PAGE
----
One of the enhancements to clock generation that was introduced with PSoC 4 is the ability to have fractional clock dividers. By default all the clock dividers are integer clock dividers. For PSoC 4 that means that you can generate a clock whose frequency is the frequency of the High Frequency Clock (HFCLK) divided by a 16-bit integer. For small dividers that can result in large jumps between adjacent available clock frequencies. For example if HFCLK is running at 48 MHz, then the available clocks are 48 MHz, 24 MHz, 16 MHz, 12 MHz, ... If you want a clock that is 14 MHz, then you would need to run HFCLK at a multiple of 14 MHz (14, 28, or 42 MHz). In some cases that approach works fine, but it also changes all the other dividers in the system. An alternative solution is to divide by a fractional amount. PSoC 4 supports division by a 16 bit integer (for fractional dividers this must be at least 2) and a fraction which is a multiple of 1/32nd. In this example you can get close to 14 MHz by dividing by 3 14/32 which yields a frequency of 13.96 MHz. Fractional dividers do however introduce jitter in the clock, so it is important to understand how they work and when you might want to use them.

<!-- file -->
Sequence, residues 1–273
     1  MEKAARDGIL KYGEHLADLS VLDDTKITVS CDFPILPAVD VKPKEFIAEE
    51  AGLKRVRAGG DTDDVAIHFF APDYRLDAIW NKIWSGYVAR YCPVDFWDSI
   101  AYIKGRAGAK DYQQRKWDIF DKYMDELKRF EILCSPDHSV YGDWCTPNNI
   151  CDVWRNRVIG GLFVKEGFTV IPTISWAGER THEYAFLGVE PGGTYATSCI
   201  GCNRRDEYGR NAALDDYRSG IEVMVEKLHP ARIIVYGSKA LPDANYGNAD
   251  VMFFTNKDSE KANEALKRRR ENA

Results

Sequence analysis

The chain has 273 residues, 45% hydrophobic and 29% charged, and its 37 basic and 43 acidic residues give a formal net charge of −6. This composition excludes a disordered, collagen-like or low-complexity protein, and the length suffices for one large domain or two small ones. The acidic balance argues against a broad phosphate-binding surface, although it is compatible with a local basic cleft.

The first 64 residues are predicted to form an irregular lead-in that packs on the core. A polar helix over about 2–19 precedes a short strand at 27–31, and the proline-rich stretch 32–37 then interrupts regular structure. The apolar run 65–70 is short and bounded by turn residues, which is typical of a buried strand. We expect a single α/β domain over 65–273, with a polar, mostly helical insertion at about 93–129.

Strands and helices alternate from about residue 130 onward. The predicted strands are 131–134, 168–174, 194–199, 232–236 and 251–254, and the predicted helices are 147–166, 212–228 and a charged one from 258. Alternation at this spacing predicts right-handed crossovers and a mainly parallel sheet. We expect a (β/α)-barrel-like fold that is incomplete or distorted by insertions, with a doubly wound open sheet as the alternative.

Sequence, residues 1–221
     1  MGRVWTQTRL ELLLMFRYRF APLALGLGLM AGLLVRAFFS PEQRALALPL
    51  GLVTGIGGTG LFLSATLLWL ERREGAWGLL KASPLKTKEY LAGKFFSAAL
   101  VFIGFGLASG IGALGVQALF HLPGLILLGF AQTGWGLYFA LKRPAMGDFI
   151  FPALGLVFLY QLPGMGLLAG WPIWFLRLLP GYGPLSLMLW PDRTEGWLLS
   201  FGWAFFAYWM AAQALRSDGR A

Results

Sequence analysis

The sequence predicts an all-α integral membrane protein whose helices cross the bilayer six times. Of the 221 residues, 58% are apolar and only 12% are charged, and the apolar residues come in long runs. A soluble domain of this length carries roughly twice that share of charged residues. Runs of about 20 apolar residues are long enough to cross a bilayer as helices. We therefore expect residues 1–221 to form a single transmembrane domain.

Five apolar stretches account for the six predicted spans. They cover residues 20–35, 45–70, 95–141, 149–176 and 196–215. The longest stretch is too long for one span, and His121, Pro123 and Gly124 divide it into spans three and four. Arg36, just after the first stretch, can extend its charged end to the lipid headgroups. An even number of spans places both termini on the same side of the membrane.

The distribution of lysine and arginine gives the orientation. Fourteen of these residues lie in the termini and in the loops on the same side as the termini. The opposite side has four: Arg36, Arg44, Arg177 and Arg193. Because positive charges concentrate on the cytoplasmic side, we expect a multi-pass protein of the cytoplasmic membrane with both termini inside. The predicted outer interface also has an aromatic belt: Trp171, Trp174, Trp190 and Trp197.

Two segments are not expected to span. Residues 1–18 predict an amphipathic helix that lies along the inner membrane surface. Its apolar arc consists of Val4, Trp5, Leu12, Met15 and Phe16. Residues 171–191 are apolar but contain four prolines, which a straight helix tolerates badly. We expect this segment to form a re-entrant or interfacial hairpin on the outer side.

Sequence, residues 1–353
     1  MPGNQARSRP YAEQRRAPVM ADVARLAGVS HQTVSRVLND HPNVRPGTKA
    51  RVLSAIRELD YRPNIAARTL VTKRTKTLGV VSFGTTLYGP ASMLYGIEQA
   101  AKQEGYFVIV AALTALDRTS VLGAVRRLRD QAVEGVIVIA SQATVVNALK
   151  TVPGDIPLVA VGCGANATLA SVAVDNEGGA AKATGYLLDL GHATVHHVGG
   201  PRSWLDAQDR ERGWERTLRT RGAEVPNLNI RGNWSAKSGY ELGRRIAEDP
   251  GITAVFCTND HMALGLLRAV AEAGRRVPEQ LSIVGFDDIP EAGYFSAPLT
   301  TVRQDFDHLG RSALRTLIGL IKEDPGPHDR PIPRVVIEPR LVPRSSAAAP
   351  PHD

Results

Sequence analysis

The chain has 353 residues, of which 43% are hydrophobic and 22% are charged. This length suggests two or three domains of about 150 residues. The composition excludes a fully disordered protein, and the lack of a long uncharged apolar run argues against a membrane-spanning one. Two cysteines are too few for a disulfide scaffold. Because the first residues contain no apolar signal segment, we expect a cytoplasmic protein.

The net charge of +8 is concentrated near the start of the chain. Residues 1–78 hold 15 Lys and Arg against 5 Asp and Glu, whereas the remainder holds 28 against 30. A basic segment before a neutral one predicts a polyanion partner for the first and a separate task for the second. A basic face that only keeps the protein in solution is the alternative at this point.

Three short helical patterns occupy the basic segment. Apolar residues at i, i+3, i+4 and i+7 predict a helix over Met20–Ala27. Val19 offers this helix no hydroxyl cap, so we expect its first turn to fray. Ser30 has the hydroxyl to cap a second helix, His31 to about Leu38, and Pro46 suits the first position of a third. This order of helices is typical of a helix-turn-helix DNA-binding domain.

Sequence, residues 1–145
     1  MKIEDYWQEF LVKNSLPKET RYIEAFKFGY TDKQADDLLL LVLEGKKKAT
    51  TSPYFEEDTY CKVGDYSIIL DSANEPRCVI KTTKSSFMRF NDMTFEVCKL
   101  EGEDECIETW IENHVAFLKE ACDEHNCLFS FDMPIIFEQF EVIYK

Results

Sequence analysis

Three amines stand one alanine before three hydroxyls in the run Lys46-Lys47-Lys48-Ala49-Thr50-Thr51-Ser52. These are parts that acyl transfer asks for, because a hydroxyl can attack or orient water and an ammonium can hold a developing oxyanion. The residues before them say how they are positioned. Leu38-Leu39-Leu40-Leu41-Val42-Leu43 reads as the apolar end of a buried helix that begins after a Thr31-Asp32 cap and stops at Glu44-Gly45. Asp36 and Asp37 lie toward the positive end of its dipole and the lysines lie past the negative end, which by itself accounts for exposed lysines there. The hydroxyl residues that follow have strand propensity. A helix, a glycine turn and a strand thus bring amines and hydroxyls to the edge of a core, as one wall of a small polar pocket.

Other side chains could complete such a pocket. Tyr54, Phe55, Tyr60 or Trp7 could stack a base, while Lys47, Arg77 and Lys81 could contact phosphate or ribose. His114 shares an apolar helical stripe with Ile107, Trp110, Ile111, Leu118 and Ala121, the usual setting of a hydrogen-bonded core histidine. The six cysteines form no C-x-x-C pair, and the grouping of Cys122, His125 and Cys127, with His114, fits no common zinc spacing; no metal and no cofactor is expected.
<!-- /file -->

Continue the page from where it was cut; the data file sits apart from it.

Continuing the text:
The first step to understanding fractional clock dividers is to understand integer dividers. In PSoC the clock dividers are implemented off of the source clock rising edge. If the integer divider is even, then a 50% duty cycle clock is generated with the clock low for half the divider value clock periods and the clock high for the same amount of time. Here is a picture of a 3 MHz HFCLK being divided by 4 to produce a 750 kHz clock.
For those that have used PSoC 3 or PSoC 5LP and are now using PSoC 4, you'll notice that there are some changes between what can be done with clocks on the different devices. There are a few new restrictions and several new capabilities. In this post I'll take a look at using clocks in the UDB array and with pins.